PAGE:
Restos Serve Dishes in ‘Bilaos’ After US Store Trends for Pricey ‘Bamboo Wall Art’

Amid the hype surrounding an American furniture store’s “bamboo wall art,” which Filipinos claimed resembled a “bilao,” some food establishments used the opportunity to advertise their meals that include the well-known winnowing basket.

Pottery Barn recently trended on local social media for including a “round bamboo wall art” on its website under the “mirrors and art” category.

Restos Promote Dishes Served in Bilaos After US Furniture Store Trends for Pricey ‘Bamboo Wall Art’
Credits: Oggie Ramos/Flickr

PH Restos Ride Buzz of Trending US Store for Pricey ‘Bamboo Wall Art’ to Promote Dishes in ‘Bilaos’

The furniture store even advertised it on its Facebook page as one of their “favourite summer trends.” On social media, part of the caption reads:

“Now trending: Hawaiian-inspired layers. We love the oversized botanical motifs and artisanal craftsmanship of our handcrafted Hawaiian-inspired textiles.”

Some Filipinos noticed this and stated that they could get a similar item from markets or food establishments, especially those selling different types of pancit such as pancit bihon and pancit Malabon.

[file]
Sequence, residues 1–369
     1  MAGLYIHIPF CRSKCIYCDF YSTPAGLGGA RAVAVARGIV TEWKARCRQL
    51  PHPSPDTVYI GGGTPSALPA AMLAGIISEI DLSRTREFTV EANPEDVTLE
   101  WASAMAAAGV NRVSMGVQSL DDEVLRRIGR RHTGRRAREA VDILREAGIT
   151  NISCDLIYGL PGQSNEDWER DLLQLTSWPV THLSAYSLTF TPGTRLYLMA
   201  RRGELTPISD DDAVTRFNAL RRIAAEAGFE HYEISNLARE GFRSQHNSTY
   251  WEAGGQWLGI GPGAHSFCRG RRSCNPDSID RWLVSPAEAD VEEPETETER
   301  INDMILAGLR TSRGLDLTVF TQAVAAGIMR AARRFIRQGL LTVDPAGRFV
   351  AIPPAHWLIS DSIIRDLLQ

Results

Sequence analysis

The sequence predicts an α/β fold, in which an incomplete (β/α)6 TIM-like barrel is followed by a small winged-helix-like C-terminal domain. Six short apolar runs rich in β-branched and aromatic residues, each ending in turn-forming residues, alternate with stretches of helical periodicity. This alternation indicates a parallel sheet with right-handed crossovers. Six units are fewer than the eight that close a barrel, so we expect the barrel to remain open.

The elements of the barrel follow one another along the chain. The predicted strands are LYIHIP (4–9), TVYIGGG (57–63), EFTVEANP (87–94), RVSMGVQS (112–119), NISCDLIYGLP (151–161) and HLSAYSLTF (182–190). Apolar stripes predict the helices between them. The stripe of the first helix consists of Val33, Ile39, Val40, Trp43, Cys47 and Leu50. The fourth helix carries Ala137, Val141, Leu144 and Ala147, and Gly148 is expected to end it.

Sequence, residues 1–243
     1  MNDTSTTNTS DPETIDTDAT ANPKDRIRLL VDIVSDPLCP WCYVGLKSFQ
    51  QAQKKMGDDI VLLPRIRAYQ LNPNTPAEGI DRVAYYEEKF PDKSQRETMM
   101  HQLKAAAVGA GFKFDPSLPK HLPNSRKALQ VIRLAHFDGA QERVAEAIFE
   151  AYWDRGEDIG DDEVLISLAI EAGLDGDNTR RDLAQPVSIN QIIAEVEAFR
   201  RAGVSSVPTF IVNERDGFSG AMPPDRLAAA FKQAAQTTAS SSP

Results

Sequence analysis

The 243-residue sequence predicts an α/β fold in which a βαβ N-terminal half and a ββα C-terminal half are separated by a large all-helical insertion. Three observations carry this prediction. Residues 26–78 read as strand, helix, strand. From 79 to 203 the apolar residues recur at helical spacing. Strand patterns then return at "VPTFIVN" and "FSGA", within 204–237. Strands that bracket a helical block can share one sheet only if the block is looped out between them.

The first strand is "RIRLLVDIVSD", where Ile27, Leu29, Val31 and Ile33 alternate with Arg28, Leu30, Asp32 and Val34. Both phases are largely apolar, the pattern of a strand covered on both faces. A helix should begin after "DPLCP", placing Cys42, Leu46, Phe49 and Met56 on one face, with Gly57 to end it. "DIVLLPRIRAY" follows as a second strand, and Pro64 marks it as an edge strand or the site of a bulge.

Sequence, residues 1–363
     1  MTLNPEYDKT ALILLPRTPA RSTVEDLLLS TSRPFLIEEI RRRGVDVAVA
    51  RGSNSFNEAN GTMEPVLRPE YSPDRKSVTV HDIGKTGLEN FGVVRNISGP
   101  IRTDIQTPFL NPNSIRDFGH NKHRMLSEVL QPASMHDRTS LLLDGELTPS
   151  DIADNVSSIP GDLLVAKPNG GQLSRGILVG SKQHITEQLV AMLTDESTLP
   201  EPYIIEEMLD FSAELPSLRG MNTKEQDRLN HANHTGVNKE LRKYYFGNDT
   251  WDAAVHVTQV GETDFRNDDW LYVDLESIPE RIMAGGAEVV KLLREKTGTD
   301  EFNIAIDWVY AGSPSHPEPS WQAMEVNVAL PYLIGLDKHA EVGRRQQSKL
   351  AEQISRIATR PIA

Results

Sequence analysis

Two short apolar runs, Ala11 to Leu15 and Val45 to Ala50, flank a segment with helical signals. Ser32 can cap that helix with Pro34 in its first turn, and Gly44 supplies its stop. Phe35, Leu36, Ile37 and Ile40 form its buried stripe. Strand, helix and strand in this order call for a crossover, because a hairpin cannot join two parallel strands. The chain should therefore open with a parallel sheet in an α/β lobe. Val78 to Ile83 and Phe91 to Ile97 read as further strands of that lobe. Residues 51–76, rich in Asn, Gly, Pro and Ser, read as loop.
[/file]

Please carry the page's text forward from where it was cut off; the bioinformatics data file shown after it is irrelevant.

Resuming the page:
Vendors use the “bilao” as food trays to sell native delicacies such as puto (steamed rice cakes), suman (glutinous rice cake wrapped in banana or coconut leaves), kutsinta (steamed rice cake made with brown sugar), and biko (sweet rice cake).

In Filipino households, it is similarly used to sift and remove loose rice husks from the mortar in preparation for cooking.

Two restaurants participated in the online buzz by featuring their own meals that included the now-trending object.

The Chicken Basket Restaurant joked that Filipinos could appreciate the “bamboo wall art” by purchasing a pancit canton, pancit bihon, or pancit malabon that “serves 25 people” for Php 1,000.

The restaurant specialises in Filipino comfort food and Asian cuisine.

Another restaurant, Onie’s Kitchenette, joked that customers could purchase “bilao combos” that included free “bilao wall decor.”

The restaurant bills itself as the “home of the bilao combo” meals.

This was not the first time such a product gained popularity among Filipinos.

The winnowing basket was confirmed to be available on an e-commerce website in 2017 for “about $38.00 or approximately P2,000.00.”

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